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CHAPTER SUMMARY AND NOTES
CHAPTER FIVE (Enemies)
On morning on patrol, Lee Strunk and Dave Jensen got in a fight. Jensen claimed Strunk had stolen his jackknife. Jensen, the bigger of the two, kept hitting Strunk until his nose was broken and he had to be choppered back to a medical tent in the rear. But in Vietnam, a feud didn’t end with a fight because people carried guns.
Later, when Strunk returned to the unit, the silent tension between he and Jensen made the entire platoon nervous. Afraid of retaliation, Jensen dug his foxhole as far as possible from Strunk, and made sure they didn’t sent on any assignments together. After a while, Jensen began to feel like he was fighting a war on two fronts. There were enemies in front of him and enemies behind. He didn’t know who he could trust. Eventually, he broke under the strain, borrowed a pistol and used it to break his own nose. Then he crossed the perimeter to Strunk’s foxhole and asked if they were square. Strunk said ‘sure’.
The next morning, Strunk laughs about how he really did steal Jensen’s jackknife.
This chapter highlights the crucial aspects of camaraderie. In a war like Vietnam, the enemy is always hidden and death comes suddenly from a mine or ambush. In the midst of all this, you rely on your fellow soldiers for survival. The possibility of being ambushed member of his own unit, in addition to the existing hazards of war, drove Jensen over the edge.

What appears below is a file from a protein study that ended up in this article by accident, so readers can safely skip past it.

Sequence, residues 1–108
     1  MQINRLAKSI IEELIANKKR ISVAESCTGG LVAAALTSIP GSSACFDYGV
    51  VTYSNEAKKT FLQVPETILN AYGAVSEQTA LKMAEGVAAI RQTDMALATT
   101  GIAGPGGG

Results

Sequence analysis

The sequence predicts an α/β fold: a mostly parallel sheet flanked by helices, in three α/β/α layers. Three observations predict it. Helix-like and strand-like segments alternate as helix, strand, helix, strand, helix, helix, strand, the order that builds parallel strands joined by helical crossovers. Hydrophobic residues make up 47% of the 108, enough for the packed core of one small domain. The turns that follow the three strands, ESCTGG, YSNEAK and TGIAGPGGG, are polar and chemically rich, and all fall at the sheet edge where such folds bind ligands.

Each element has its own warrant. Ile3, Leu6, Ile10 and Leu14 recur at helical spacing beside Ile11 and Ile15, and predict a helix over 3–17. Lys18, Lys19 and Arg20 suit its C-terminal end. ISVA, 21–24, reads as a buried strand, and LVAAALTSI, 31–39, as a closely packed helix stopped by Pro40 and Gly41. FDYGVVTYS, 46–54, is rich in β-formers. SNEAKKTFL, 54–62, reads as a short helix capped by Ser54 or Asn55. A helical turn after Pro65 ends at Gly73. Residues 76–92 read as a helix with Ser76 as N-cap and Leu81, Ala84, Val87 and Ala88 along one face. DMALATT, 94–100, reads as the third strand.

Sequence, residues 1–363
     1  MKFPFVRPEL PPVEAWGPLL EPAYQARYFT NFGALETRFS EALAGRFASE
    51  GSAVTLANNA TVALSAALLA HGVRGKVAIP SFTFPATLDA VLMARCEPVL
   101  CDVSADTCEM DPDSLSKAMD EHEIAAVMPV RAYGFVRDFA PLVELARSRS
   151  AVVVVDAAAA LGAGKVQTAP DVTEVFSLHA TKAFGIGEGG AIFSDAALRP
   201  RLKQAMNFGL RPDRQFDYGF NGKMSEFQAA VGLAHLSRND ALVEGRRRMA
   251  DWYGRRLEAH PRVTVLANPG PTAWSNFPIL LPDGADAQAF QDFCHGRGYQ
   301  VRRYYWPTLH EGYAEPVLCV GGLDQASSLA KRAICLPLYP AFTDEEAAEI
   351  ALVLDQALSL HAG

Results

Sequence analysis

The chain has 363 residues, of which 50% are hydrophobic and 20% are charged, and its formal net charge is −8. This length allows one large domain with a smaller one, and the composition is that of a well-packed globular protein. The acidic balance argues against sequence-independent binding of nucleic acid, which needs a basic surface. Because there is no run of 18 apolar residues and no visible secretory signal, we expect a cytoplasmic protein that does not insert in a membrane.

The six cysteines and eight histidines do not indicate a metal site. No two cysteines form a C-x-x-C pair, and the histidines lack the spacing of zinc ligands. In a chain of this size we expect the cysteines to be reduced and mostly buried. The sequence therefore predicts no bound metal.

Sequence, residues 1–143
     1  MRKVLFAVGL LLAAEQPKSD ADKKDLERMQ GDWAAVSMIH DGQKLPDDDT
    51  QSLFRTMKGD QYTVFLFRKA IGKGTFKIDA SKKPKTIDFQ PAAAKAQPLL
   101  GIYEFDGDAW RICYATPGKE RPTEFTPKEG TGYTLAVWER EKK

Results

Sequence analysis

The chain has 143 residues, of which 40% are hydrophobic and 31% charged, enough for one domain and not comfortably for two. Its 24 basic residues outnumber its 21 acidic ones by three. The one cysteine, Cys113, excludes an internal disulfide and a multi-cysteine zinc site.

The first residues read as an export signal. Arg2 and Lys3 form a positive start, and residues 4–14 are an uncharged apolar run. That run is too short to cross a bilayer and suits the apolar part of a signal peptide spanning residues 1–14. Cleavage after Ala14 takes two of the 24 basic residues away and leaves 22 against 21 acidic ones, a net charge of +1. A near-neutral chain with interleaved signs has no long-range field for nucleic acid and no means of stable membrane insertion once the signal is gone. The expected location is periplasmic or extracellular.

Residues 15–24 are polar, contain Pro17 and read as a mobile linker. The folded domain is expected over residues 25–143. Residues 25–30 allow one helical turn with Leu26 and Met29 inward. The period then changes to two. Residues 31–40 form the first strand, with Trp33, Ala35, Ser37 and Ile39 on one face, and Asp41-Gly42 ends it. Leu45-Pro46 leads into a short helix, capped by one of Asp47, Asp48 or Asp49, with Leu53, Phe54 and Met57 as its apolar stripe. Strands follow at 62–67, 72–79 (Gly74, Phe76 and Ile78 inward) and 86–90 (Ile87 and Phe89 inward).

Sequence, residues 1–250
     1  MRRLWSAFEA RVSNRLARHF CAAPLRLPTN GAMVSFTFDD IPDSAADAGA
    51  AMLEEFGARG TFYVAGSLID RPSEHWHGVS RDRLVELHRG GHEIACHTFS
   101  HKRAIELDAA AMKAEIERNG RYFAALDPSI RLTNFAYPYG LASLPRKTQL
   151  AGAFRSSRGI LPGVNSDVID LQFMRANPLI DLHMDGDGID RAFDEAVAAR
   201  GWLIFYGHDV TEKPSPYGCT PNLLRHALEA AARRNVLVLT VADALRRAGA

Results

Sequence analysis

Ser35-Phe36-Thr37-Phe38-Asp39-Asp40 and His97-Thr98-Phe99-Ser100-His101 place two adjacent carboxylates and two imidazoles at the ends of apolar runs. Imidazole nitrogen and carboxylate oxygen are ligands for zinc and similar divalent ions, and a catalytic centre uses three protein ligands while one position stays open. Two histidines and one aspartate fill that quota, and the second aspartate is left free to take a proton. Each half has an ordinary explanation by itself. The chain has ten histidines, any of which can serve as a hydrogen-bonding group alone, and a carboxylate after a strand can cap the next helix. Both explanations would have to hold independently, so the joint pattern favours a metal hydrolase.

As with most chapters, O’Brien adds a final insight to the story in the form of a quote from one of the soldiers. Ironically, Strunk admits he really did steal the jackknife, implying he had never really considered retaliating.
CHAPTER SIX (Friends)
After that incident, Strunk and Jensen slowly become friends. They drew up a pact, stating that if one of them ever received a ‘wheelchair wound’, the other guy would put him out of his misery. Not long after that, Lee Strunk stepped on a rigged mortar round, which blew off his right leg at the knee. As the medics bandaged him up, Strunk pleads with Jensen not to kill him. Jensen assured Strunk he wouldn’t, and the helicopter headed off for the medical unit. Jensen felt relieved, however, when he heard that Strunk had died before reaching the hospital.
In a complete reversal of the previous chapter, Strunk is now terrified of Jensen, afraid he will follow through on their pact. Jensen’s relief upon hearing news of Strunk’s death is evidence of a peculiar sense of duty. Instead of feeling sorrow over a comrade’s death, Jensen agonizes over his own failure to carry out his promise. Perhaps he didn’t feel that he had acted like a ‘true’ friend by allowing Strunk to bleed to death in a chopper, instead of ending it all quickly.